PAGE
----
As mentioned above, the probability p rs ( n ) ( D ) is a function of ω. Hence, the packet drop rate p ls given by (10) and the average number of retransmissions N ~ r given by (11) are the functions of N and ω, and can be denoted by p ls (ω,N) and N ~ r ( ω , N ) , respectively. As a result, the average throughput is also a function of ω and N, and thus denoted by T(ω,N). Therefore, by selecting appropriate ω and N, the average throughput of the ICaD-ARQ-PS scheme can be maximized, as presented in the next section.

4.3 Throughput maximization

In this section, we will formulate the optimization problem and present important properties of N ~ r for the convenience of solving the problem.

The average throughput of the proposed ICaD-ARQ-PS scheme is to be maximized subject to the total number of available spectrum holes. Mathematically, the optimization problem can be formulated as
max ω [ 0 , 1 ] , N N + T = ( 1 ω ) P I ( 1 p ls ( ω , N ) )
(14)
s.t. N ~ r ( ω , N ) ω P I + P B ( 1 ω ) p ds P I ,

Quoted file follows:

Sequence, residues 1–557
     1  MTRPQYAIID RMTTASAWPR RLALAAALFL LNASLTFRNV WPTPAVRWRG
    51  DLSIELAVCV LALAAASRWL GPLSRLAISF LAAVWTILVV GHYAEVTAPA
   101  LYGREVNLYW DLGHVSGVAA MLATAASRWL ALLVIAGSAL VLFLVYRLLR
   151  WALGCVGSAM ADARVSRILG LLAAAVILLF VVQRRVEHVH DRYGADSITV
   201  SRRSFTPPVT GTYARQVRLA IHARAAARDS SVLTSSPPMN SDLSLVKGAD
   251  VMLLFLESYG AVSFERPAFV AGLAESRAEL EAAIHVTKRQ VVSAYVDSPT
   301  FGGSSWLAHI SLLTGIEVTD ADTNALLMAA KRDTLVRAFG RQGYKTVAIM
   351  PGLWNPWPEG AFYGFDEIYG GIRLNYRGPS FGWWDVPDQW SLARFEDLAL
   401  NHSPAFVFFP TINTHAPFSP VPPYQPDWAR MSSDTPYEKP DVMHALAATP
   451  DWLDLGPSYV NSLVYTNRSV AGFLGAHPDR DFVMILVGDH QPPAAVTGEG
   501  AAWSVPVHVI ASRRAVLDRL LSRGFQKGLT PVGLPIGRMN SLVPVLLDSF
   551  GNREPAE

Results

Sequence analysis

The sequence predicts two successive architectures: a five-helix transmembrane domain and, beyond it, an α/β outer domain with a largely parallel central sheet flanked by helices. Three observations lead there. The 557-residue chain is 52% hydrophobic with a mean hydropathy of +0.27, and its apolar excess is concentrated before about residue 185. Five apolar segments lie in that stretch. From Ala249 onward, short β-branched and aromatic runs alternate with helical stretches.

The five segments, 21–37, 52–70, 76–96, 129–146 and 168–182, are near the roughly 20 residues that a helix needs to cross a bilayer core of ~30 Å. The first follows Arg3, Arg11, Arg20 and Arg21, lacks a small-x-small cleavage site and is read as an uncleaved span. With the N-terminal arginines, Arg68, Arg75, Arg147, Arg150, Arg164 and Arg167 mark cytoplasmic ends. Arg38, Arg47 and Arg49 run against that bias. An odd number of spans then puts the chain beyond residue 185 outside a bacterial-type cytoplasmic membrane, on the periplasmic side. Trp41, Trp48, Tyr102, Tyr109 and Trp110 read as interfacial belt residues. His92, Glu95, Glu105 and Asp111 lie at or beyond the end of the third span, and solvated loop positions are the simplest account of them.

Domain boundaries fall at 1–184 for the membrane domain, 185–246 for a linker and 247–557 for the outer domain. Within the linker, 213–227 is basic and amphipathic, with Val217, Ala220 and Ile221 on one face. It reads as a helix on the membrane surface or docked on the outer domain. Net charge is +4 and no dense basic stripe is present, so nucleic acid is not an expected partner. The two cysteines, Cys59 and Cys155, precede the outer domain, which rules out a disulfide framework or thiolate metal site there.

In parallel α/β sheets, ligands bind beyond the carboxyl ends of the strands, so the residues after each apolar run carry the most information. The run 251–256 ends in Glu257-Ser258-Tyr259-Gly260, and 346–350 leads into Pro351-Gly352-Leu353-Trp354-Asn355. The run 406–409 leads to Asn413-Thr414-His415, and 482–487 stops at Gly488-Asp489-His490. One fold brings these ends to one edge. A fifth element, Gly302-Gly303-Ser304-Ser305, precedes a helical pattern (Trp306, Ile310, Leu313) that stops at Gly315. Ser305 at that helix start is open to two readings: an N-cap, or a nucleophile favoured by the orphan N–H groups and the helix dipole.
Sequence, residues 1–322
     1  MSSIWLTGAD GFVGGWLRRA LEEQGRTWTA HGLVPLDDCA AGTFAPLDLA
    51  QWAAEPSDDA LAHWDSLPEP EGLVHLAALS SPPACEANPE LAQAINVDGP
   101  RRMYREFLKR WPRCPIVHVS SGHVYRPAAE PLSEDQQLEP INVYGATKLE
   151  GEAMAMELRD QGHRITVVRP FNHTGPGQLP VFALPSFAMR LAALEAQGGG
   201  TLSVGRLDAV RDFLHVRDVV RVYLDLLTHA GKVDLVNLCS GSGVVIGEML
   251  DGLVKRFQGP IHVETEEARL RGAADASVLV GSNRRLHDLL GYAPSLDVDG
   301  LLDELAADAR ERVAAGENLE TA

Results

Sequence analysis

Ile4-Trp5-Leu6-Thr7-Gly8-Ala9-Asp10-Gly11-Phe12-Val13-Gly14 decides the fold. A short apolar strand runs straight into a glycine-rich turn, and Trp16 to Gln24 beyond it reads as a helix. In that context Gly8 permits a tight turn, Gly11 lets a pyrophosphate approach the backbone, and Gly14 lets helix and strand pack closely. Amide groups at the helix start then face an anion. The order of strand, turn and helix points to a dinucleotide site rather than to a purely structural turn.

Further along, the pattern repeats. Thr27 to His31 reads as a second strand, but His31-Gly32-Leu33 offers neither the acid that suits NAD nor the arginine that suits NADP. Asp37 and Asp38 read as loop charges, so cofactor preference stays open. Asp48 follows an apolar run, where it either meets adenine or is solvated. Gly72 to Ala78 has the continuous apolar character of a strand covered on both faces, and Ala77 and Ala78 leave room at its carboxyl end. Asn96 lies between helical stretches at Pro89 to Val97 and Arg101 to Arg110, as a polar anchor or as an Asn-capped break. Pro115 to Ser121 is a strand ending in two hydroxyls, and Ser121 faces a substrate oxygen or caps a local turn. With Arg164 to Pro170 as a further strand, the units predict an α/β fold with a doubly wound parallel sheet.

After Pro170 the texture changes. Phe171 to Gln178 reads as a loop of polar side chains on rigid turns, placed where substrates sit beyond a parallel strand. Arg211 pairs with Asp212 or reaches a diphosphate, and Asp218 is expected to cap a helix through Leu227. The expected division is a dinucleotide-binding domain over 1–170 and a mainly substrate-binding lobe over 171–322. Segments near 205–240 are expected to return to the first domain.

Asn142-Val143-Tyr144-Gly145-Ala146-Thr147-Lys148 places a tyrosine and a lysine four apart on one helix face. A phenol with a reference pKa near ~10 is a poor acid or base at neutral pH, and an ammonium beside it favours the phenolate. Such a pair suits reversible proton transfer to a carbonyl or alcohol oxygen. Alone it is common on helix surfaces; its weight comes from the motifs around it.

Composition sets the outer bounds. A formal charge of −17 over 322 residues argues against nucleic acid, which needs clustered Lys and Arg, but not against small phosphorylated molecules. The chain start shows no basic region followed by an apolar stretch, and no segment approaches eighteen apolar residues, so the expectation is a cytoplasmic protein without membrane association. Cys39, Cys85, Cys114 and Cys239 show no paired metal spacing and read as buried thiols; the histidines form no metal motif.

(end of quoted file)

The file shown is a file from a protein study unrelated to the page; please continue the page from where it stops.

(15)

where the constraint stems from the inequality (12). The optimal solution to Problem (14) is denoted by (ω,N).

For a given ω, a certain amount of spectrum resource is allocated for retransmissions. The maximum number of retransmissions N is hence limited, since each retransmission consumes one spectrum hole. Let us define f ( ω ) = ω P I + P B ( 1 ω ) p ds P I . The average number of retransmissions N ~ r ( ω , N ) is hence upper bounded by f(ω). For some ω, there may exist a largest number N l that satisfies N ~ r ( ω , N l ) < f ( ω ) < N ~ r ( ω , N l + 1 ) . In this situation, not all spectrum resources originally allocated for retransmissions are utilized actually. To make full use of the available spectrum holes, an erroneous packet is allowed to experience up to N l retransmissions with a probability φ, and up to N l + 1 retransmissions with a probability 1−φ, respectively. By doing so, the average number of retransmissions shall satisfy
φ N ~ r ( ω , N l ) + ( 1 φ ) N ~ r ( ω , N l + 1 ) = f ( ω ) .
(16)
Thus, for each ω, we have φ = N ~ r ( ω , N l + 1 ) f ( ω ) N ~ r ( ω , N l + 1 ) N ~ r ( ω , N l ) . By applying such truncated ARQ, the average throughput can thus be computed as T ( ω ) = ( 1 ω ) P I ( 1 p ~ ls ( ω ) ) , where the average packet drop rate becomes